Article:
Stohler: I'm pretty sure my clients love me
October 8, 2014
Most small to mid-sized companies use on average three to five law firms. Larger companies use even more. So, each and every day you are being compared to your competitors. Knowing how you compare to them in terms of your service and client satisfaction is good to know. You can get this information in a variety of ways and use it to bring in even more business from the client. Chances are, just by taking the time to ask how you are doing will set you apart from your competition.
One way to get this feedback is through client interviews. The best way to get truly unbiased, no-holds-barred information from a client is to send in someone to interview the client other than the lawyer who works with the client or a managing partner from the firm. Using someone who is not involved in the relationship to do the interview will allow the client to be perfectly honest about the work and service being performed. It is much more comfortable for people to say what they think if they are not talking to the individual who is directly providing the service or ultimately responsible for the legal work and the relationship.
Getting this feedback can be uncomfortable for the lawyers and the law firm. It is like the dreaded performance review. A million things go through your mind about the good, the bad and the ugly that have occurred over the course of the relationship. But the great thing is once this dialogue is started, the ways you can not only improve with this client, but all clients will be identified. Generally, there will be a lot of positive feedback, which affirms that you are on the right track. Plus, clients love it. Surprisingly, not many firms take the time to do this. Typically the ones that conduct client interviews try to get the feedback by using the lawyer who works with the client, which makes it awkward for both parties.
One of the benefits of this approach, other than finding out what is going right and what might be done differently, is insight into additional legal services that your firm can provide. Once a client starts talking, if the questions are asked correctly, they will provide all kinds of insight into things that are troubling to them. You will find new areas where you can help and make your relationship with them even stronger.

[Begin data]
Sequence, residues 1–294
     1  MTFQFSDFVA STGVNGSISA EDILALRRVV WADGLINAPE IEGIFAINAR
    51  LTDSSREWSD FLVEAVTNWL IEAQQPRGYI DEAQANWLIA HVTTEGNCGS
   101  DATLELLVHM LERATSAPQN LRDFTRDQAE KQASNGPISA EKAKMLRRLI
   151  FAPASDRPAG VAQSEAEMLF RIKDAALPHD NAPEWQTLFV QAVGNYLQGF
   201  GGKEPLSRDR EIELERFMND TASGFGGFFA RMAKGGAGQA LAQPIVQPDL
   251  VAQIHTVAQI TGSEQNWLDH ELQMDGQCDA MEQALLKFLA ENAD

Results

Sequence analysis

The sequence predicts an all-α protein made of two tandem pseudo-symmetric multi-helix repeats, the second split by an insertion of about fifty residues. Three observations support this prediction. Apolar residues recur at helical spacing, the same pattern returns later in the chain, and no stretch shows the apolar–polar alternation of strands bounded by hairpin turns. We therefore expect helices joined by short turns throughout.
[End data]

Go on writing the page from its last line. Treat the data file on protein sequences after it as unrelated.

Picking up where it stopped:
Peer discussion groups
Another way to get feedback is through peer-to-peer discussions. In the technology world, these are now being used as virtual focus groups and are called “learning communities.” This process involves identifying clients that are either using your firm for one specific type of law or are in similar industries. They are brought together “virtually” to discuss topics they identify that relate to legal services and outside providers they use for these services. The discussion is facilitated much like a focus group and great insight is shared relative to likes and dislikes with current legal service providers. Your firm is viewed as the one that cared enough to bring this group together and get this insight. The clients typically fully embrace the idea because they like talking to their peers about similar issues and successes. You will benefit by listening to the discussion and identifying either ways you can improve or other areas where you can help.
A third way to get feedback is a simple online survey once a big project, case or matter is closed; it can be just two or three questions about how things went with the people involved. You aren’t asking about the outcome of the case, because that could be good or bad. You are asking about the service and the relationship and verifying that the client fully understands the outcome. Understanding generally aligns with satisfaction. Clients who don’t understand, because the attorney didn’t take the time to fully explain an unanticipated outcome, are generally less satisfied. If the client understands, even a less than desirable outcome results in higher levels of satisfaction with the attorney-client relationship.
Using all these methods is the best way to approach feedback. Some are better suited for larger clients, while others should be used for the smaller clients as they grow into larger ones. But, regardless, this is not something you want to be uncertain about because, after all, you are in the room with your competitors every day. Set yourself apart by getting feedback and making your relationship stronger. Be sure your clients love you, not just pretty sure.•
Dona Stohler of S2 Law Firm Strategies provides consulting services on business development and marketing for law firms. Stohler has more than a decade of experience in the legal services industry and is the past chair of the U.S. Law Firm Group marketing committee. She can be reached at email@example.com or through www.S2lawfirmstrategies.com. The opinions expressed are those of the author.